The NDSU Research Foundation has entered into an exclusive licensing agreement with Coretec Industries LLC for the development and commercialization of an intellectual property portfolio of patents or inventions developed through research at NDSU. The agreement was announced by the foundation and 3Dicon, a developer of 3D display technologies that recently purchased, and merged with, Coretec.
NDSU scientists had previously created the only known commercially-viable route to producing cyclohexasilane, a liquid inorganic compound with unique properties that can be combined with other materials for a variety of industry applications.
Coretec will fund an NDSU team of scientists, led by Philip Boudjouk, Jordan A. Engberg Distinguished Professor of chemistry and Chamber of Commerce Distinguished Professor, through a sponsored research agreement. The team will work to further develop and commercialize the technology within the growing markets of energy storage, solar power, microelectronics and printable electronics. The agreement gives access to 11 existing and three pending patents representing global intellectual property on the silicon-based technology. Coretec also has an option to acquire exclusive licensing rights to an additional 16 NDSU Research Foundation patents within the next 18 months.
“It is very gratifying that our discovery is attractive as a potential industrial feedstock chemical, especially when the market for this technology is now as large as it is,” Boudjouk said. “We began this project in 1995 and, while interest was there from the beginning, it was not until printed electronics and energy storage technologies advanced to their current state that commercialization seemed realistic.”
Coretec also is seeking to establish joint development agreements with strategic partners using the portfolio of silicon-based materials for application in high growth markets.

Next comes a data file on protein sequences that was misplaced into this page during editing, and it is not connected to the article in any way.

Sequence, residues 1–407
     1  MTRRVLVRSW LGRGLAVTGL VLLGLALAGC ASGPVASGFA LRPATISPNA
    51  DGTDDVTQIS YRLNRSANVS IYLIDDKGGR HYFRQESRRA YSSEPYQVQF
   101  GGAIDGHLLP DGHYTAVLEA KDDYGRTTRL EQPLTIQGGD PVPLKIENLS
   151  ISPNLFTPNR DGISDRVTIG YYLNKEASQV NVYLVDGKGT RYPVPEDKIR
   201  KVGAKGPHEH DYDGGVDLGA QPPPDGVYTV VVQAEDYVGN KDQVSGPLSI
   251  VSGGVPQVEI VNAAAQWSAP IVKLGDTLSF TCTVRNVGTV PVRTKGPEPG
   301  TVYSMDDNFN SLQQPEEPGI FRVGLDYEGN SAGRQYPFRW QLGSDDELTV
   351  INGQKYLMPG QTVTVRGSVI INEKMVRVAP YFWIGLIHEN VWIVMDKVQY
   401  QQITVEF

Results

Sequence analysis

"We are excited to have this licensing agreement in place and to continue working with Dr. Boudjouk and his terrific team at NDSU," said Simon Calton, co-founder of Coretec. "While there is vast potential in terms of applications of the technology, our initial focus will be on energy storage, solar, microelectronics and printable electronics, as we seek to generate immediate revenue for the company and build long term partnerships with manufacturers."
Dale Zetocha, NDSU Research Foundation executive director, said, "Licensing of this significant portfolio of silicon-based technologies, developed after years of research at NDSU, represents a great opportunity for these technologies to be further developed and commercialized for a number of different industry applications. In addition, licensing of these technologies to Coretec further supports technology-led research and economic development in North Dakota."
3DIcon Corp. has patented volumetric 3D display technology that is being developed to produce 360-degree viewable, high-resolution, color images and is intended for use in government and industrial applications such as air traffic control, medical imaging, automotive and aerospace design, geological visualization, weather visualization, battle space visualization and cargo and baggage scanning visualization.
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